Recent machine translation systems for high-resource language pairs perform increasingly well. In addition to deep learning models, techniques such as pretraining, cross-lingual training, back-translation, and byte-pair encoding have contributed to performance improvements. However, the success of state-of-the-art neural models is still heavily dependent on the availability of large amounts of (monolingual or parallel) text, which is difficult and expensive to obtain for low-resource languages.
At NALA, we study how machine translation systems for low-resource languages can be improved. For instance, recent work has found that including morphological information explicitly can result in better machine translation systems. This is partially because byte-pair segmentation does not account for linguistic units within words, and the addition of this information helps models learn how to better generate words according to the underlying grammar of the language it is being trained on. Thus, models which leverage morphological information can help closing the performance gap between high-resource and low-resource languages.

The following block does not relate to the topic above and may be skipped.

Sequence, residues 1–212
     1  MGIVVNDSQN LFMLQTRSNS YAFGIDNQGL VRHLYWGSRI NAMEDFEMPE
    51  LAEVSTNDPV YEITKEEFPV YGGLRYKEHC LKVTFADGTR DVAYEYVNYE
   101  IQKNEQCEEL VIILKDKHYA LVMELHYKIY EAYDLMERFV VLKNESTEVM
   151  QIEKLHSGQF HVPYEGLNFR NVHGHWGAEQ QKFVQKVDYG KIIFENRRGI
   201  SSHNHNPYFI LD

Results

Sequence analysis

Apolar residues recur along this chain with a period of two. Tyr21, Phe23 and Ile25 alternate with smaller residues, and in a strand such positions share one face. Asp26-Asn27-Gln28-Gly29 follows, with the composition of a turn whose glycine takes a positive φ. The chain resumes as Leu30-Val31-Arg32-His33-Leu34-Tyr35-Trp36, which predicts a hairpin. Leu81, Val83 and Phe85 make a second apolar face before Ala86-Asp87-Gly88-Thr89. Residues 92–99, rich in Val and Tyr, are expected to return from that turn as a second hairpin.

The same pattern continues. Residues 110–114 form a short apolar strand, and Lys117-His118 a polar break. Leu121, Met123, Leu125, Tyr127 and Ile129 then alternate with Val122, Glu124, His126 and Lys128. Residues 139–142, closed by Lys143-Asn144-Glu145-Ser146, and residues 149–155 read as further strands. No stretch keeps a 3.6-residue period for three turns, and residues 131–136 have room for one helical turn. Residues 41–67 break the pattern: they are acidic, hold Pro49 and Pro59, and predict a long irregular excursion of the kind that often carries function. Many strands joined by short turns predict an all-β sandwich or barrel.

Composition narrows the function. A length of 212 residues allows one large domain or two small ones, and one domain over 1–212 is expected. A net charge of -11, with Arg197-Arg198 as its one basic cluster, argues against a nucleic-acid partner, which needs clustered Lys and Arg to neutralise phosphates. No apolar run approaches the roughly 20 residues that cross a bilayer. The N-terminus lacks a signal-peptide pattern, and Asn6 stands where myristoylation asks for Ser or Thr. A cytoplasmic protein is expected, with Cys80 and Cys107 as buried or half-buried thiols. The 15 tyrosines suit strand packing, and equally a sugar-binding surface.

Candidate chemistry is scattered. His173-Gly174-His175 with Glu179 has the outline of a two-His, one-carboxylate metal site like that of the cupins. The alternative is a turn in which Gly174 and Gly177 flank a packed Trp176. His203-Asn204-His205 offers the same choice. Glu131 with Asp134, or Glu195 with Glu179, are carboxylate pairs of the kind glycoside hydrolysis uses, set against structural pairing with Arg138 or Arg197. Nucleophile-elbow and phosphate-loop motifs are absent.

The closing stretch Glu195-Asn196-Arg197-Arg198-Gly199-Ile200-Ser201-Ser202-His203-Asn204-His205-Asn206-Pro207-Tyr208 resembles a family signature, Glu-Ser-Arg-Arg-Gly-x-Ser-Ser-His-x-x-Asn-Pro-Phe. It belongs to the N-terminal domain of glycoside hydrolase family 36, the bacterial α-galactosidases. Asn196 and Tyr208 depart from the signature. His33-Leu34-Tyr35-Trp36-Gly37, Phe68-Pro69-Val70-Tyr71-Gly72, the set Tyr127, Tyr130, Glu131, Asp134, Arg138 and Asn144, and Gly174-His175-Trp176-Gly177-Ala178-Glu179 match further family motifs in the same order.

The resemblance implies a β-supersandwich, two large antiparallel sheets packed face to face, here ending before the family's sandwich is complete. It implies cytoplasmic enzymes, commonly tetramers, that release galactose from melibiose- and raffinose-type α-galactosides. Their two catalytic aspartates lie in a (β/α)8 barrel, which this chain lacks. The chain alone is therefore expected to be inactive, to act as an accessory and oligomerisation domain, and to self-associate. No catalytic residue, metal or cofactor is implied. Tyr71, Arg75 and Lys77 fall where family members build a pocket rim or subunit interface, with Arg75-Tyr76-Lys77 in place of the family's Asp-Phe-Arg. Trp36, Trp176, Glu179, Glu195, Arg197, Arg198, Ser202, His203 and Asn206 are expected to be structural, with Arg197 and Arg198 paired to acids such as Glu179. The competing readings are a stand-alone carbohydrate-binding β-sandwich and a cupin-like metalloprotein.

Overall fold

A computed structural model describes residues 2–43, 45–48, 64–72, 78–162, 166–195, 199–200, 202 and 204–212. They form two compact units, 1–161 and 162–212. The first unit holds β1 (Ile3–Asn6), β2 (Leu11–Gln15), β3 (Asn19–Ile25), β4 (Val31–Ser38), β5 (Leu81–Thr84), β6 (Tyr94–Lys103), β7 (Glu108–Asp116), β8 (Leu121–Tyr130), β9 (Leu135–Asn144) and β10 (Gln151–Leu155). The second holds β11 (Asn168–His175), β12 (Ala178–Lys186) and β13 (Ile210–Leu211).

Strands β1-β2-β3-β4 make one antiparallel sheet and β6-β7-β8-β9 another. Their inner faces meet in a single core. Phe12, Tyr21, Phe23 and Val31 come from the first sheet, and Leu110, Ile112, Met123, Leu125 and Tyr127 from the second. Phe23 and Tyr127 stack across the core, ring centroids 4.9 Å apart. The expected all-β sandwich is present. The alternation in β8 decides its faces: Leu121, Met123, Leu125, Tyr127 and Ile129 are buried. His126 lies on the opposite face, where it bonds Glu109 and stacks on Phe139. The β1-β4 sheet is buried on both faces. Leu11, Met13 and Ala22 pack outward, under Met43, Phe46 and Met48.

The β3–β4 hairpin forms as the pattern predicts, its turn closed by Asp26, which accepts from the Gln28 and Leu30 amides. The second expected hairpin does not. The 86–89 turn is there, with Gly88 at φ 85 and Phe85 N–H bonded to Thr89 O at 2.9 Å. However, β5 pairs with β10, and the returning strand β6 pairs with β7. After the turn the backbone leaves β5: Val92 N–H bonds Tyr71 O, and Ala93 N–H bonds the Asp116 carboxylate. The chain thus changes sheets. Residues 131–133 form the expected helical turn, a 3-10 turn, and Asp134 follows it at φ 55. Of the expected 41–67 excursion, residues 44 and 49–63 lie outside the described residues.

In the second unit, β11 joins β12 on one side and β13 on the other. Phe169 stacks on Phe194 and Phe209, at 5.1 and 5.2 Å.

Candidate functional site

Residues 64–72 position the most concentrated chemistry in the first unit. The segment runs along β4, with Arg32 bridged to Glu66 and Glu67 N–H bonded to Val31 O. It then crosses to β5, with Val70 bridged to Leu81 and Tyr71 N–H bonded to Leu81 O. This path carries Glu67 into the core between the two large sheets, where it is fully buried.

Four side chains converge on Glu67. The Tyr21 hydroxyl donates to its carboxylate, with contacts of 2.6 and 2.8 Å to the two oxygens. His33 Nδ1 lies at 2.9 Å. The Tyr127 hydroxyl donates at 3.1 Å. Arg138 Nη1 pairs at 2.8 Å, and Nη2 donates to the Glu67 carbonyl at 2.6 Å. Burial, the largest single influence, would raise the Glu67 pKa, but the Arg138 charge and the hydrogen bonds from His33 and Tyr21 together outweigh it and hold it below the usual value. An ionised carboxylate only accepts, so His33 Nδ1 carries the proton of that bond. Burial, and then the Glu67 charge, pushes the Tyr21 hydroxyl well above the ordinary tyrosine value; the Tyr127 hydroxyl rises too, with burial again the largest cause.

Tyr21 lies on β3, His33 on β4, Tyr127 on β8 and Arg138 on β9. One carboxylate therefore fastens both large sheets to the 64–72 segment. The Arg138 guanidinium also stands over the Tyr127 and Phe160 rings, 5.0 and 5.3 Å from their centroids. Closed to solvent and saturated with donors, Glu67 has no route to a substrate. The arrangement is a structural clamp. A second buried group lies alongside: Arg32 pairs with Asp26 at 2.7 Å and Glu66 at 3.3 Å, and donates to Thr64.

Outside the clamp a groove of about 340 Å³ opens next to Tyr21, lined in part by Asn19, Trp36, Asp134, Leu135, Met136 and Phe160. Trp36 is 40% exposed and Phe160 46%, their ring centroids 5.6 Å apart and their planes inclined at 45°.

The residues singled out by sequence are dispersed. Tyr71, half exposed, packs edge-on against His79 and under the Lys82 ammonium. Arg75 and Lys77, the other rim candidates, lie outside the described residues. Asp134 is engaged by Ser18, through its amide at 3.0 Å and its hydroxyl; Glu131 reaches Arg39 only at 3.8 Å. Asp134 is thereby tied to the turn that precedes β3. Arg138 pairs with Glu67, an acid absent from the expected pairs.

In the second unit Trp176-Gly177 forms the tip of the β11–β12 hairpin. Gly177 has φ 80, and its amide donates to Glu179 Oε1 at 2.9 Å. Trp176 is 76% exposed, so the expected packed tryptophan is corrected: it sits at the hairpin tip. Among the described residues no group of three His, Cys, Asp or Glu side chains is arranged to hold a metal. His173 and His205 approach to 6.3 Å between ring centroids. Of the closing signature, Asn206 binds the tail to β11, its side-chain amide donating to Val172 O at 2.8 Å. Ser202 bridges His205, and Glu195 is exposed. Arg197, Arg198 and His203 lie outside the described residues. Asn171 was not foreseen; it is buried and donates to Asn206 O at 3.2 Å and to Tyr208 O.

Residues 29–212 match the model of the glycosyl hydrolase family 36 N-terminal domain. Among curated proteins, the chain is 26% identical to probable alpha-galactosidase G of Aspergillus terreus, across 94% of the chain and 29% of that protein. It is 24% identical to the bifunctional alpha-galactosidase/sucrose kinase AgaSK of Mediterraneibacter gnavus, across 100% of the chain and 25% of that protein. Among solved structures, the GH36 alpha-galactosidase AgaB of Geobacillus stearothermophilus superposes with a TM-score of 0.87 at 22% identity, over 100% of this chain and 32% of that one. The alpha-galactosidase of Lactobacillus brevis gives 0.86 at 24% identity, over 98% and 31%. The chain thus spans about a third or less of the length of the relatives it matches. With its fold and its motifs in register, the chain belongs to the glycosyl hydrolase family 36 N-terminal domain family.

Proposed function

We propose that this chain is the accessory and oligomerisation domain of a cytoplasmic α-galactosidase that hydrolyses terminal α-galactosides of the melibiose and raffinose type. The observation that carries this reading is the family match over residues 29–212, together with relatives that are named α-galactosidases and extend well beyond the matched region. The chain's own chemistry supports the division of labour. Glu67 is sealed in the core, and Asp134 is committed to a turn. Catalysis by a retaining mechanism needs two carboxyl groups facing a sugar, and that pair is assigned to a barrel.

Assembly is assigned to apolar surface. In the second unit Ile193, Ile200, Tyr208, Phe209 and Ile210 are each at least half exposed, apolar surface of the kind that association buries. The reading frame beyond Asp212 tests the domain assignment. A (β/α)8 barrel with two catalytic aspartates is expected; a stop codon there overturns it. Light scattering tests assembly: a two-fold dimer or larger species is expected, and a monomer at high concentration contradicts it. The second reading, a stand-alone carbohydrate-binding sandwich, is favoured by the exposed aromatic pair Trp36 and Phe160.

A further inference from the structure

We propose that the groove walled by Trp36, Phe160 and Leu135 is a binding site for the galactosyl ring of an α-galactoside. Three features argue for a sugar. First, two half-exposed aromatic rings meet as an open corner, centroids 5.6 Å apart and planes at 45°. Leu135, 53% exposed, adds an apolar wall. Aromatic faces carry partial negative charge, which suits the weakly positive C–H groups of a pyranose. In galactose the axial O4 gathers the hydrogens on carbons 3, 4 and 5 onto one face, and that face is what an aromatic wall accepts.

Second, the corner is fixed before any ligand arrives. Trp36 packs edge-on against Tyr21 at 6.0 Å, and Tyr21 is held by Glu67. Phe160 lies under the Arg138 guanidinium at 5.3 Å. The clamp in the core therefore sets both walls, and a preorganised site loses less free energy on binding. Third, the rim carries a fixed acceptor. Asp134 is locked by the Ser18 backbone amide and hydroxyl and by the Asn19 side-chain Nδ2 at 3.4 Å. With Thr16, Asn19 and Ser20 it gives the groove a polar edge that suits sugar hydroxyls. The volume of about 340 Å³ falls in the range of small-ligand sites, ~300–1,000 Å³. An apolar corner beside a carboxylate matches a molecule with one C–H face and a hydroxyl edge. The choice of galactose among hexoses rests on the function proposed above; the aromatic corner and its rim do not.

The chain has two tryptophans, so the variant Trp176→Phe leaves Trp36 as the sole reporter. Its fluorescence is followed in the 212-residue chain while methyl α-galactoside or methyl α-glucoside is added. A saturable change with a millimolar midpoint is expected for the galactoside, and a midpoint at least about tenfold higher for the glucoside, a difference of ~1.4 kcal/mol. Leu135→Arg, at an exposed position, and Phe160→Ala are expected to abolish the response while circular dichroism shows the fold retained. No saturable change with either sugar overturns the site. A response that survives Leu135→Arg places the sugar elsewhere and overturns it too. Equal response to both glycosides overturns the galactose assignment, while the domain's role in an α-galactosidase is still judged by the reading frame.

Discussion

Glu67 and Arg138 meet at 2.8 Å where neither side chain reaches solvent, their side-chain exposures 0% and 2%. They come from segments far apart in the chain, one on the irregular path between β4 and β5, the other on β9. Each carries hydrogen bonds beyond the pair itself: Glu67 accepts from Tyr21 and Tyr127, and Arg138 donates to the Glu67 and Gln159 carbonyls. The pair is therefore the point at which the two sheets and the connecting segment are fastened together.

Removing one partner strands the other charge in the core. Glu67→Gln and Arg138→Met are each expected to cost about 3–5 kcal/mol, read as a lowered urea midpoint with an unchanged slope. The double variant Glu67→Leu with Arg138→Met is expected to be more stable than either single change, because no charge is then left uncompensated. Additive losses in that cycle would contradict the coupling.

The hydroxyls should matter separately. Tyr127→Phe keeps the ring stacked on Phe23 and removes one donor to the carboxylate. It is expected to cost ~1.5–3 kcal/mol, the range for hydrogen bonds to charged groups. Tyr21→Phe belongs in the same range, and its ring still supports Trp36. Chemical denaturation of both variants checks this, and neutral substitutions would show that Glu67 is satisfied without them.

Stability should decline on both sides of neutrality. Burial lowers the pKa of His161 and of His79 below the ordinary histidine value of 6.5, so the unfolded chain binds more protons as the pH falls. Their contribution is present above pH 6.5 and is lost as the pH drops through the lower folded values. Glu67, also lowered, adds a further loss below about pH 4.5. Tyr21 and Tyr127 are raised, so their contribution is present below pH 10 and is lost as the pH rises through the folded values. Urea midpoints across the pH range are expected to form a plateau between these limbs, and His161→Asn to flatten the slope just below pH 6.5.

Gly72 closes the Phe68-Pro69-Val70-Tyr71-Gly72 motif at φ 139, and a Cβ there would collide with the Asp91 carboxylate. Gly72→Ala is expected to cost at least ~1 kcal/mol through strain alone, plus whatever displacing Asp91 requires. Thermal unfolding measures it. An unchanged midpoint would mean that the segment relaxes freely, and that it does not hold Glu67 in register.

We are further studying how to best collect data for low-resource languages. Our work includes questions such as: How can we collect parallel data to train systems without professional translators? And which sentences are most useful for the training of machine translation models?